Service Project Reflection
Two months ago, I was trekking through the Cedar River Watershed in Seattle, Wash. I was delighted to be spending a week of my summer with fellow Roots & Shoots Youth Leaders at the 2011 Youth Leadership Retreat. Every year, the retreat offers valuable training through workshops and service. This year’s service project in Seattle allowed Youth Leaders to study the effectiveness of local watershed conservation projects. Currently, participants are developing a PSA from the video footage that we captured during our visit.
As I sift through the footage, I am fondly remembering my day of service with the Friends of the Cedar River Watershed. I remember volunteers from the community telling us about the extensive work being done to restore and conserve parts of the watershed. I remember how quickly we learned the difference between the native tree species. In no time, we were identifying western red cedars, western hemlocks, Douglas-firs AND grading each sapling on its health.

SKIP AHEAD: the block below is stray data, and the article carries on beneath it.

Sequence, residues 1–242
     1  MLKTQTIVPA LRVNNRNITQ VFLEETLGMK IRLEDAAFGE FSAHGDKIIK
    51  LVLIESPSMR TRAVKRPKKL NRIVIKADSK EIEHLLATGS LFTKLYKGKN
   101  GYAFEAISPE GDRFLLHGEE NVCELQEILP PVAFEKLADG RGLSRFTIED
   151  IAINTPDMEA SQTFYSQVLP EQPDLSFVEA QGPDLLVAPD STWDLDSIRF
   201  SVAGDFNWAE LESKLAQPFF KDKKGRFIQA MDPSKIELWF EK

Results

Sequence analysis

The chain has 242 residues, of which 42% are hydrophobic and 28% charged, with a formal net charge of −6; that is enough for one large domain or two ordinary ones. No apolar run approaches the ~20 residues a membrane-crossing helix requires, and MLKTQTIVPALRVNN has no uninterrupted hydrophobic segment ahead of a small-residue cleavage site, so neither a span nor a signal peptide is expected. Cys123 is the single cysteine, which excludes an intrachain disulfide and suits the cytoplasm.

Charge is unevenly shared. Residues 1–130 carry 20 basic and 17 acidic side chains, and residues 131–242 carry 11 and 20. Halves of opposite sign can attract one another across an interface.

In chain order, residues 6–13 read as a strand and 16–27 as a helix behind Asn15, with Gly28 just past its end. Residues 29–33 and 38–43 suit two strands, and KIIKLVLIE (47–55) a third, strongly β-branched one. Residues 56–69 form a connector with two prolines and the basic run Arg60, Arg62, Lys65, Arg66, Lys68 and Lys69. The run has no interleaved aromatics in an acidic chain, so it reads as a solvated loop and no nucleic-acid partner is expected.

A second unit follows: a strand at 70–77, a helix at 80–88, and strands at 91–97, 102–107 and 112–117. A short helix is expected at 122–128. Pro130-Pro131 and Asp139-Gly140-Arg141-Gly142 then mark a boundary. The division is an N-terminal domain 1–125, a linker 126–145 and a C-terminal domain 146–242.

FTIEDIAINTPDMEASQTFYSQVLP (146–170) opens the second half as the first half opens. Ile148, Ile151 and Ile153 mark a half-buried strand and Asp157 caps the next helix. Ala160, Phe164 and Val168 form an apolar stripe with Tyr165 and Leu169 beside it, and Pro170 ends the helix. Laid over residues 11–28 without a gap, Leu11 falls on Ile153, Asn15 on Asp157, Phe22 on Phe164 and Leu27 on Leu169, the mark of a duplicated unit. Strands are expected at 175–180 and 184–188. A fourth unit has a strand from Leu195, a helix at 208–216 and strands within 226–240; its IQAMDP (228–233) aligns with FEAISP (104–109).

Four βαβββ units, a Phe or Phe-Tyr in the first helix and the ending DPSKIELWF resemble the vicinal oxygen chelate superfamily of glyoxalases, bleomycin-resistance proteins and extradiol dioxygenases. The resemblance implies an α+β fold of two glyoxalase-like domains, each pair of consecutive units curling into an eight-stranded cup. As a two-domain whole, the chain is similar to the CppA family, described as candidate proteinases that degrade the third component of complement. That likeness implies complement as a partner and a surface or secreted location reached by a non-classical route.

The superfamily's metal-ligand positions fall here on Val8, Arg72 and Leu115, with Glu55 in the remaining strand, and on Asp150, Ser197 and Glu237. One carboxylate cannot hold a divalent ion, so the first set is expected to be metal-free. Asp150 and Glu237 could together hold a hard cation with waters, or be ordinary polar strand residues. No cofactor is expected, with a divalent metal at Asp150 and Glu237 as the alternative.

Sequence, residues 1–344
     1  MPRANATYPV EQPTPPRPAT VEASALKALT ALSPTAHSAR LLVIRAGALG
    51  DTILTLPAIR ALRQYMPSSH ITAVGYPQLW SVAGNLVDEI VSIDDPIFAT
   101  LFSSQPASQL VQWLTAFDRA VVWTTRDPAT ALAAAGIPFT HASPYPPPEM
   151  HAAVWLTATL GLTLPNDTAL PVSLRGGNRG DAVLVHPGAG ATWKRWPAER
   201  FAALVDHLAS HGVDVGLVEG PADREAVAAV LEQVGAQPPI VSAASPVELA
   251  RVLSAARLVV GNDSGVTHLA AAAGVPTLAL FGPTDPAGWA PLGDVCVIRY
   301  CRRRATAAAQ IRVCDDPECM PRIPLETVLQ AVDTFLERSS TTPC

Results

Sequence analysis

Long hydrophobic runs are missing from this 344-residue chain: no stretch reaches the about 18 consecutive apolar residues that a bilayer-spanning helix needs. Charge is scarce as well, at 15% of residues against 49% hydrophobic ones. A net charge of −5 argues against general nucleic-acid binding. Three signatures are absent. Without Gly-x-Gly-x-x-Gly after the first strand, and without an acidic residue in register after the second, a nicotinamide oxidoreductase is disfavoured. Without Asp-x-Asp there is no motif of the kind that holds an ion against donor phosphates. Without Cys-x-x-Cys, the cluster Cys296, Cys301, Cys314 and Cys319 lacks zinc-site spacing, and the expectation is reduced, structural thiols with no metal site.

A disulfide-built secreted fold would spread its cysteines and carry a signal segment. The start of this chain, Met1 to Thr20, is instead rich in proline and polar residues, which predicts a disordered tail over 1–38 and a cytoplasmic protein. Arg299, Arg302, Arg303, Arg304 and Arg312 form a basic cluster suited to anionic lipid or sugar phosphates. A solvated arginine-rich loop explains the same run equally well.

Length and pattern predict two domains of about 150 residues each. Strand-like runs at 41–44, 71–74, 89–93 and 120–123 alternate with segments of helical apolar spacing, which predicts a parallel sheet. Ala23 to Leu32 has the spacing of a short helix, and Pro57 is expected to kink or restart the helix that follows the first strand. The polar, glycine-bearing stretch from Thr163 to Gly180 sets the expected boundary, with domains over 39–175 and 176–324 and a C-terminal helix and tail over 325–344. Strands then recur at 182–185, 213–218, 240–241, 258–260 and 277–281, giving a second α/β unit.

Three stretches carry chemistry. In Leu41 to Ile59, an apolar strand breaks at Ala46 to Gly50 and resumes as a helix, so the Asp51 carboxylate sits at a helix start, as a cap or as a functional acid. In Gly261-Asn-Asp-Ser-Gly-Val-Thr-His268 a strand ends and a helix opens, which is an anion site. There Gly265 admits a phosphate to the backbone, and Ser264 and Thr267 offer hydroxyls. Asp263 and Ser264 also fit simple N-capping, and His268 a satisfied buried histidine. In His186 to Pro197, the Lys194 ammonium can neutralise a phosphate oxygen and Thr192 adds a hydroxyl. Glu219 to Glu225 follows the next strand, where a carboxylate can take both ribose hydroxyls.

The Cedar River Watershed is a critical source of drinking water for more than one million people in the Seattle area. The watershed also provides habitat for salmon and countless other species. By surveying the terrain, Youth Leaders were able to provide valuable information that is being used to assess the success of habitation restoration efforts.
My experience in the Cedar River wilderness has changed the way that I think about my environment. After a day’s work, I have learned to better appreciate my local watersheds (the Buffalo River Watershed and the Candlewood Lake Watershed) and the ecosystems that allow them to thrive. I am so grateful to have had the opportunity to contribute to the sustainable future of the Cedar River Watershed. I am certain that the other Roots & Shoots Youth Leaders were as inspired as I was and I am proud to think that they now have the same passion for their own watersheds (all over the U.S.!).